The phosphatidylinositol 3-kinase/AKT/mammalian target of rapamycin (PI3K/AKT/mTOR) pathway promotes melanoma tumor growth and survival while suppressing autophagy, a catabolic process through which cells collect and recycle cellular components to sustain energy homeostasis in starvation. Conversely, inhibitors of the PI3K/AKT/mTOR pathway, in particular the mTOR inhibitor temsirolimus (CCI-779), induce autophagy, which can promote tumor survival and thus, these agents potentially limit their own efficacy. We hypothesized that inhibition of autophagy in combination with mTOR inhibition would block this tumor survival mechanism and hence improve the cytotoxicity of mTOR inhibitors in melanoma. Here we found that melanoma cell lines of multiple genotypes exhibit high basal levels of autophagy. Knockdown of expression of the essential autophagy gene product ATG7 resulted in cell death, indicating that survival of melanoma cells is autophagy-dependent. We also found that the lysosomotropic agent and autophagy inhibitor hydroxychloroquine (HCQ) synergizes with CCI-779 and led to melanoma cell death via apoptosis. Combination treatment with CCI-779 and HCQ suppressed melanoma growth and induced cell death both in 3-dimensional (3D) spheroid cultures and in tumor xenografts. These data suggest that coordinate inhibition of the mTOR and autophagy pathways promotes apoptosis and could be a new therapeutic paradigm for the treatment of melanoma.
Penta-O-galloyl-β-D-glucose (PGG) suppresses the in vivo growth of human DU145 and PC-3 prostate cancer (PCa) xenografts in nude mice, suggesting potential utility as a PCa chemotherapeutic or chemopreventive agent. Our earlier work implicates caspase-mediated apoptosis in DU145 and LNCaP PCa cells as one mechanism for the anti-cancer activity. We show here that in the more aggressive PC-3 PCa cell line, PGG induced programmed cell deaths (PCD) lacking the typical caspase-mediated apoptotic morphology and biochemical changes. In contrast, PGG induced patent features of autophagy, including formation of autophagosomes and lipid modification of LC-3 after 48 h of PGG exposure. The autophagic responses were also observed in the murine TRAMP-C2 cells. Caspase inhibition exacerbated PGG-induced overall death. As for molecular changes, we observed a rapid inhibition of the phosphorylation of mTOR-downstream targets S6K and 4EBP1 by PGG in PC-3 and TRAMP C2 cells, but not that of mTOR itself, along with increased AKT phosphorylation. Whereas inhibition of PI3K increased both PGG-induced apoptosis and autophagy, experiments with pharmacologic inducer or inhibitor of autophagy or by knocking down autophagy mediator Beclin-1 showed that autophagy provided survival signaling that suppressed caspase-mediated apoptosis. Knocking down of RIP-1 kinase increased overall death, without changing LC-3 II or caspase activation, thus not supporting RIP1-necroptosis for PGG-induction of autophagy or other PCD. Furthermore, PGG-treated PC-3 cells lost clonogenic ability. The induction by PGG of caspase-independent PCD in aggressive PCa cell lines supports testing its merit as a potential drug candidate for therapy of caspase-resistant recurrent PCa.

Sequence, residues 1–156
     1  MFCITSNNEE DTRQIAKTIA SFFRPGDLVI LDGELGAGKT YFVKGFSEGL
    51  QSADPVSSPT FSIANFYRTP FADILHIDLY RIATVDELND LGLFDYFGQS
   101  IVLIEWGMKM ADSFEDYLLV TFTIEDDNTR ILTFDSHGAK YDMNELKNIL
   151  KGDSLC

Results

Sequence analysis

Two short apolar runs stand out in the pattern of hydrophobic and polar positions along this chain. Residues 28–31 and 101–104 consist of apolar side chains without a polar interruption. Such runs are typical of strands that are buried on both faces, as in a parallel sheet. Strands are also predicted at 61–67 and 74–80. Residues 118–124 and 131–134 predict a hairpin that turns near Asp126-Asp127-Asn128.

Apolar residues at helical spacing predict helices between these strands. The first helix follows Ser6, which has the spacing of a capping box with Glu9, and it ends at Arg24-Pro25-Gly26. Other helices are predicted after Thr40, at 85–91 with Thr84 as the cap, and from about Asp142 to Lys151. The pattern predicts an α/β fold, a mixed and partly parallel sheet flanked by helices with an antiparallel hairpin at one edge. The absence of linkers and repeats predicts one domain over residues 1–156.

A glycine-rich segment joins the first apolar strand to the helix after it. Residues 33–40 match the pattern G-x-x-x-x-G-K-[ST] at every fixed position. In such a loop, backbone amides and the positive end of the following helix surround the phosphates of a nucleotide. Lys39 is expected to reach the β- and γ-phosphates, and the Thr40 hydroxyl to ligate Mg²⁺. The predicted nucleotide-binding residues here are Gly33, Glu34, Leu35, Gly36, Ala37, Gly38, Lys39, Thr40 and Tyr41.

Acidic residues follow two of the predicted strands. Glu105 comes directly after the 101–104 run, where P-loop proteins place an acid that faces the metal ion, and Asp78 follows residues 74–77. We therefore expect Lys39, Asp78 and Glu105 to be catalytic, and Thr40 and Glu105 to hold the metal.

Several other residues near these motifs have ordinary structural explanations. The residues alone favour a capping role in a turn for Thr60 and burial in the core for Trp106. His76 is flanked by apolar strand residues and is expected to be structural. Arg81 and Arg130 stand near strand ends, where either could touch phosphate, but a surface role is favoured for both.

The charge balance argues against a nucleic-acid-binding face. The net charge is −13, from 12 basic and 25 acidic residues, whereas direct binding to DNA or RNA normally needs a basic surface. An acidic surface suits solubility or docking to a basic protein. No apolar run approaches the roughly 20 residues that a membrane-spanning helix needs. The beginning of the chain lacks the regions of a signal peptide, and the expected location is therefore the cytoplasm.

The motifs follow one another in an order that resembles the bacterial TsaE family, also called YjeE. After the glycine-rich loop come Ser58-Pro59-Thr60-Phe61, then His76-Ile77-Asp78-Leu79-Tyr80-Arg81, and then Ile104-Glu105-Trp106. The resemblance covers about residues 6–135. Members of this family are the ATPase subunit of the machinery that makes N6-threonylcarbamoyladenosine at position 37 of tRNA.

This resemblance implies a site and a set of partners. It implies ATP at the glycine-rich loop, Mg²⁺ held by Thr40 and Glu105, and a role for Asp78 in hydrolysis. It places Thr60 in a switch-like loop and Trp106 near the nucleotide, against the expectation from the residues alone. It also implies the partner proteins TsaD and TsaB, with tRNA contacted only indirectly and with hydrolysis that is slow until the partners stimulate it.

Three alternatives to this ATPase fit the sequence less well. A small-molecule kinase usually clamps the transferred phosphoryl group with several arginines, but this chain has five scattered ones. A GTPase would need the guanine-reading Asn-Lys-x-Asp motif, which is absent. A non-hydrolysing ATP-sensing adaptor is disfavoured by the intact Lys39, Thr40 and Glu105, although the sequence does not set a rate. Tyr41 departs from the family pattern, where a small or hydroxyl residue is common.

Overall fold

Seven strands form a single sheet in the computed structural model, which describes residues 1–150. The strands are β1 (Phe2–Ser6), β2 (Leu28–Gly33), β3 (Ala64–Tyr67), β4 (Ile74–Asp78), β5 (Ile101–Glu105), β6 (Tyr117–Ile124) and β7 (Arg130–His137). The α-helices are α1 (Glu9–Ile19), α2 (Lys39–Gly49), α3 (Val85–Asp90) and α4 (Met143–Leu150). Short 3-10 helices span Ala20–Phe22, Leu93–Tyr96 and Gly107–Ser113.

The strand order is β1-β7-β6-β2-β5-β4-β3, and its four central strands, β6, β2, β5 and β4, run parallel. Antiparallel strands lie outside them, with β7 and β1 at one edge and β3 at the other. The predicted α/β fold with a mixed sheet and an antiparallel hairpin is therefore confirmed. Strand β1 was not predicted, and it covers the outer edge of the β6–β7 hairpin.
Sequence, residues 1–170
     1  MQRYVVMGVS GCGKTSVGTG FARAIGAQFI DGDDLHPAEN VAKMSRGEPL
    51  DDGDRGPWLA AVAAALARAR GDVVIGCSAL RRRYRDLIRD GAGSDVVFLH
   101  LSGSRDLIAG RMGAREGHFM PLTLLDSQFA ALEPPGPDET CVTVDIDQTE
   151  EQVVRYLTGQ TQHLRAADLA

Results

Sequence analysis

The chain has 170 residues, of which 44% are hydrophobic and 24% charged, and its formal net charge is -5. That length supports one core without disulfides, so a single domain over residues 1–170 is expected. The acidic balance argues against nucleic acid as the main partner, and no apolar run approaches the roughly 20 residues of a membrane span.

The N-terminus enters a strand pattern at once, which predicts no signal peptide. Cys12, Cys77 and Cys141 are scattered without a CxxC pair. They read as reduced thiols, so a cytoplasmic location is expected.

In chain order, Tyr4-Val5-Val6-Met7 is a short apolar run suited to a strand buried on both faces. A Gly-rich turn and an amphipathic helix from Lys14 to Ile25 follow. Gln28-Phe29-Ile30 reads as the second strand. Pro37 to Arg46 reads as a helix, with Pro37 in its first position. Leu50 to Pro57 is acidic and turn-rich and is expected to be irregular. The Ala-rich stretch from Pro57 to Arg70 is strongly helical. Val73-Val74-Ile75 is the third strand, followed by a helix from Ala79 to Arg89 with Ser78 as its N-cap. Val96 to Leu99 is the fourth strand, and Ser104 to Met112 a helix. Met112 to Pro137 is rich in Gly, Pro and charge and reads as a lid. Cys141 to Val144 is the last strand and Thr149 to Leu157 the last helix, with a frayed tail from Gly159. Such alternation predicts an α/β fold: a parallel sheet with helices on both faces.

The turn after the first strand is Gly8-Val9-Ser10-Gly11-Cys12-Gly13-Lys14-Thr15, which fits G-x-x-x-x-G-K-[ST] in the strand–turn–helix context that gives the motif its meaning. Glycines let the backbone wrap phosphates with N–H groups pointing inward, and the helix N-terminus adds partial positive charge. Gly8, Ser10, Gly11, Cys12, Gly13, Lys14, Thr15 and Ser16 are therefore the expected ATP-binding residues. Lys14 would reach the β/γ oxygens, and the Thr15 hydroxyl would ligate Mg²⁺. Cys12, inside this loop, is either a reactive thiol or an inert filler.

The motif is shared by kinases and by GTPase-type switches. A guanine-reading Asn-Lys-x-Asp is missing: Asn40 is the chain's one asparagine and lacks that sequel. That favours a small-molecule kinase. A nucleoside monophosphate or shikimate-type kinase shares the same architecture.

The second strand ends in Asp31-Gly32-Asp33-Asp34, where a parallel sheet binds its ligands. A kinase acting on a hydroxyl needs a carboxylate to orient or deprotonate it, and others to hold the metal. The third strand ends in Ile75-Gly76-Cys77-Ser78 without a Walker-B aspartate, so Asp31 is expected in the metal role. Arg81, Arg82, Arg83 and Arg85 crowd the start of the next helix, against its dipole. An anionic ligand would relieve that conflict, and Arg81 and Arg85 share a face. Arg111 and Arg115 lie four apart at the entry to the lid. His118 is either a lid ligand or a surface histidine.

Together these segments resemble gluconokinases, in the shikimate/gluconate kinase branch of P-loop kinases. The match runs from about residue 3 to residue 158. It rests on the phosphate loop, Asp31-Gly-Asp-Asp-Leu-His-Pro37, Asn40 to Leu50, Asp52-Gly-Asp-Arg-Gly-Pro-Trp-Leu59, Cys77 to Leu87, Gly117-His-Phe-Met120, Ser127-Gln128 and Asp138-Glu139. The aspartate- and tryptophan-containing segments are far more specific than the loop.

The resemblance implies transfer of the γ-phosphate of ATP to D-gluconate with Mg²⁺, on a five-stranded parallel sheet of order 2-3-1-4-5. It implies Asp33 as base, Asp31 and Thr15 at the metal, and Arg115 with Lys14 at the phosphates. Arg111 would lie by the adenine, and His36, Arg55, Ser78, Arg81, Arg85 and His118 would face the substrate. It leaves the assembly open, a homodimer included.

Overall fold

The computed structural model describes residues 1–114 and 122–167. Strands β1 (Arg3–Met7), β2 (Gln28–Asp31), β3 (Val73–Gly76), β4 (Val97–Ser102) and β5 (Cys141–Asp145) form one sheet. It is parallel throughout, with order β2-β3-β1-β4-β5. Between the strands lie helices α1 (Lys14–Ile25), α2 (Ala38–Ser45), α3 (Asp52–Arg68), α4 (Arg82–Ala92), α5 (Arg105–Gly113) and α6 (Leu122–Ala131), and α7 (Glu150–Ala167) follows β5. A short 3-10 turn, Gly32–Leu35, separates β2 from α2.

autophagy; programmed cell death; polyphenols
The mammalian target of rapamycin (mTOR) regulates cell growth and survival by integrating nutrient and hormonal signals. These signaling functions are distributed between at least two distinct mTOR protein complexes: mTORC1 and mTORC2. mTORC1 is sensitive to the selective inhibitor rapamycin and activated by growth factor stimulation via the canonical phosphoinositide 3-kinase (PI3K)→Akt→mTOR pathway. Activated mTORC1 kinase up-regulates protein synthesis by phosphorylating key regulators of mRNA translation. By contrast, mTORC2 is resistant to rapamycin. Genetic studies have suggested that mTORC2 may phosphorylate Akt at S473, one of two phosphorylation sites required for Akt activation; this has been controversial, in part because RNA interference and gene knockouts produce distinct Akt phospho-isoforms. The central role of mTOR in controlling key cellular growth and survival pathways has sparked interest in discovering mTOR inhibitors that bind to the ATP site and therefore target both mTORC2 and mTORC1. We investigated mTOR signaling in cells and animals with two novel and specific mTOR kinase domain inhibitors (TORKinibs). Unlike rapamycin, these TORKinibs (PP242 and PP30) inhibit mTORC2, and we use them to show that pharmacological inhibition of mTOR blocks the phosphorylation of Akt at S473 and prevents its full activation. Furthermore, we show that TORKinibs inhibit proliferation of primary cells more completely than rapamycin. Surprisingly, we find that mTORC2 is not the basis for this enhanced activity, and we show that the TORKinib PP242 is a more effective mTORC1 inhibitor than rapamycin. Importantly, at the molecular level, PP242 inhibits cap-dependent translation under conditions in which rapamycin has no effect. Our findings identify new functional features of mTORC1 that are resistant to rapamycin but are effectively targeted by TORKinibs. These potent new pharmacological agents complement rapamycin in the study of mTOR and its role in normal physiology and human disease.